Stereotype Threat and Identity Threat: The Science of a Diverse Community
Claude M. Steele is an American social psychologist and Professor of Psychology at UC Berkeley. He is best known for his work on stereotype threat and its application to minority student academic performance. His earlier work dealt with research on the self (e.g., self-image, self-affirmation) as well as the role of self-regulation in addictive behaviors. In 2010, he released his book, Whistling Vivaldi and Other Clues to How Stereotypes Affect Us, summarizing years of research on stereotype threat and the underperformance of minority students in higher education. He is a member of the American Academy of Arts and Sciences, the National Academy of Sciences, the National Science Board, the National Academy of Education, and the American Philosophical Society. He has served in several major academic leadership positions as the Executive Vice Chancellor and Provost at UC Berkeley, the I. James Quillen Dean for the School of Education at Stanford University, and as the 21st Provost of Columbia University. Past roles also include serving as the President of the Society for Personality and Social Psychology, President of the Western Psychological Association, a member of the Board of Directors American Psychological Society.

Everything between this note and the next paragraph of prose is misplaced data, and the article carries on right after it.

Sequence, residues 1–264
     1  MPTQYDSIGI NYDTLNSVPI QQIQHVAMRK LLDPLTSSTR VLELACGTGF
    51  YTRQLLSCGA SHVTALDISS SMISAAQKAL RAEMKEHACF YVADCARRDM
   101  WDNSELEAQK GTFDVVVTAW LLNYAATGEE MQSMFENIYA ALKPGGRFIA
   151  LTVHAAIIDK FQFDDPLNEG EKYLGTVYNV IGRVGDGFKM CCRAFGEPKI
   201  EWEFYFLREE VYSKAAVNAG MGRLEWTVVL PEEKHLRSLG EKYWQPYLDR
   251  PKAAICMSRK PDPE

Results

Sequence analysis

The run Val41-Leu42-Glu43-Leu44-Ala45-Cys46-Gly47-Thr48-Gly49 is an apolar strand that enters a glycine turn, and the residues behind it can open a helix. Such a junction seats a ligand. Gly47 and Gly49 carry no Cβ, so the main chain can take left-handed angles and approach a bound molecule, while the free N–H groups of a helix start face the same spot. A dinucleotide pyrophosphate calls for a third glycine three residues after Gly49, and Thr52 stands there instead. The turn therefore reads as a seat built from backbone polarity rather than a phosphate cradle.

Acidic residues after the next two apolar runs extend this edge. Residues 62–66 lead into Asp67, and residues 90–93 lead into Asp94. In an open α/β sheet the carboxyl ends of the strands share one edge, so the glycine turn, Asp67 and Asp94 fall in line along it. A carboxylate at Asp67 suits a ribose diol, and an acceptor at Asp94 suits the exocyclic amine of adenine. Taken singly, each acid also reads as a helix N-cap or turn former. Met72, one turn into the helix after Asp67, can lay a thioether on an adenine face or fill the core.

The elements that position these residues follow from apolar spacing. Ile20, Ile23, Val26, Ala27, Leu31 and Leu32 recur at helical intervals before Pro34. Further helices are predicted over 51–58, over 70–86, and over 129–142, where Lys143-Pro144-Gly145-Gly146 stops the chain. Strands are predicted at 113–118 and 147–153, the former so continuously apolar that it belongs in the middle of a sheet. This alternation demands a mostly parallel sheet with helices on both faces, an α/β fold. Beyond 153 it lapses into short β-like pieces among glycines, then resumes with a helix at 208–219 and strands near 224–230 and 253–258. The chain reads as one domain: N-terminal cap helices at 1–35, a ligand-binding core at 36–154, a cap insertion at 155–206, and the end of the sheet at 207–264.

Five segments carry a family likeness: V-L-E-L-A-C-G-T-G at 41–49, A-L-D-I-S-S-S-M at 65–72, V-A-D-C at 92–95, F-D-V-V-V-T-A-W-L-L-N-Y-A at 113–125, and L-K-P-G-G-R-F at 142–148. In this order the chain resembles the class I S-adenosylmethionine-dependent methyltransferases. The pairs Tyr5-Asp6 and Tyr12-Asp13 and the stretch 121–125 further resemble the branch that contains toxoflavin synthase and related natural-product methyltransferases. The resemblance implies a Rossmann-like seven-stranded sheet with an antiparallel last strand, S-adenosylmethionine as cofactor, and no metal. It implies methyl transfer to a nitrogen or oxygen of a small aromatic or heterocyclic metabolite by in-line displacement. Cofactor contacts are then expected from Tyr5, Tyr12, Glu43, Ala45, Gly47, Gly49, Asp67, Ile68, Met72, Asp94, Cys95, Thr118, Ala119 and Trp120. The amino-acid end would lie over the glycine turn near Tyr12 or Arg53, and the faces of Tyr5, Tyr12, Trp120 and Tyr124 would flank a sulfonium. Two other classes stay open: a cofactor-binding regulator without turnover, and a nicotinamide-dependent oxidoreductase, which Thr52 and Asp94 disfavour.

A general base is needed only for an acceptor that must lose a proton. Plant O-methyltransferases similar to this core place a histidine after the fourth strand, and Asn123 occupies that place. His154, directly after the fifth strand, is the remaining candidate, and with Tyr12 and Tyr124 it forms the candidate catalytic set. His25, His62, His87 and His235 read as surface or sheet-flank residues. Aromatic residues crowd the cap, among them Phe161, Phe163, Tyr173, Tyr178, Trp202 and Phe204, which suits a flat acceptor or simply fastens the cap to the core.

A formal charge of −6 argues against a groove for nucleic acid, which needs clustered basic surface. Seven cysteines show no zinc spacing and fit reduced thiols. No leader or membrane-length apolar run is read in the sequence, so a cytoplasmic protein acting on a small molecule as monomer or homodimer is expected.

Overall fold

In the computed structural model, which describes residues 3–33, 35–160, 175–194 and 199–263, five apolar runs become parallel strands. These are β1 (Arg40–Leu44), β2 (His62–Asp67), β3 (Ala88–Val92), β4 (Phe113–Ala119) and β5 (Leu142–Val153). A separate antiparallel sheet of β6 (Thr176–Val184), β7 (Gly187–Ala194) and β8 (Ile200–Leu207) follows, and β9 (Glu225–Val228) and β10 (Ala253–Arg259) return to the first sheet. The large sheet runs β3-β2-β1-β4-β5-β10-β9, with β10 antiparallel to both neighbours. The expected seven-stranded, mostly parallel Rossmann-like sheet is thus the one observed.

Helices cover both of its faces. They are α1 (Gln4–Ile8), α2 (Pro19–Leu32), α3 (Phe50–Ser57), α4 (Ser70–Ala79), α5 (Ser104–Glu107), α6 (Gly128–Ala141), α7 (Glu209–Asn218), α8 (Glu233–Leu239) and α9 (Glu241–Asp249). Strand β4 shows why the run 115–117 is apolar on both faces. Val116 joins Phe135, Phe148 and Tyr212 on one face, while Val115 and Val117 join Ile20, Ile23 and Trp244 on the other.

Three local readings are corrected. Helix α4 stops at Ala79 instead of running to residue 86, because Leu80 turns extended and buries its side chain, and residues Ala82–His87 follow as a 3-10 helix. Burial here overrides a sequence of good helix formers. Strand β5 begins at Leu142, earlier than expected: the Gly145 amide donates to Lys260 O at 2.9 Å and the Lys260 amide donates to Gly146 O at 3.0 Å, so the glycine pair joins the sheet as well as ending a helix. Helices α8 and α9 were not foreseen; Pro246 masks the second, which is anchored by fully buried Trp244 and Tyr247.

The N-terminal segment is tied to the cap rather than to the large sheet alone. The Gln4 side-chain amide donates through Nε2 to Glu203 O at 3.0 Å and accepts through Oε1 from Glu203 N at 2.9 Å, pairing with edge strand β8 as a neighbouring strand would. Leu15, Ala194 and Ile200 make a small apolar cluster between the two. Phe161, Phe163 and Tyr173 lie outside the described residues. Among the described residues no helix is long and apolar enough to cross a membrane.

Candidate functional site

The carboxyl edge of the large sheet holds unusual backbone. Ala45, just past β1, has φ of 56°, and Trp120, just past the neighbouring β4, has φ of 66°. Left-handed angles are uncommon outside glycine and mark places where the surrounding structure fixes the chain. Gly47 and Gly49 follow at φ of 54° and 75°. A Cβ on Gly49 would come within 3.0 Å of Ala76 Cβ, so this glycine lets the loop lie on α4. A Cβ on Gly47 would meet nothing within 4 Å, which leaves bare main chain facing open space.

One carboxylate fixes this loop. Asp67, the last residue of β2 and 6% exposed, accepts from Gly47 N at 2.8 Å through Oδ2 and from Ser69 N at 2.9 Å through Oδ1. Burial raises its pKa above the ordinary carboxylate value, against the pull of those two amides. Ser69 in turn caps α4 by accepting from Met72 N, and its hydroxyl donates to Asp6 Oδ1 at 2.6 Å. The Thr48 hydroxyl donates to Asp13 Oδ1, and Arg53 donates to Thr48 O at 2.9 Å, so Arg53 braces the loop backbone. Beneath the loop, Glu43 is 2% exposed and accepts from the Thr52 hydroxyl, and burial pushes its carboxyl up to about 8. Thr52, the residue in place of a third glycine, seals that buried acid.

Abstract: Drawing on stereotype threat and social identity threat research, this talk will address the why, what and how of diverse learning communities: why they are important, a working hypothesis about what is critical to their success and what research reveals about how to achieve that success. The talk’s practical aim is to identify features of diverse learning communities — schools, universities and academic disciplines — that while good for all students, are especially helpful for minority students generally, and for women in STEM fields. The talk will also explore the psychological significance of community and its role in learning.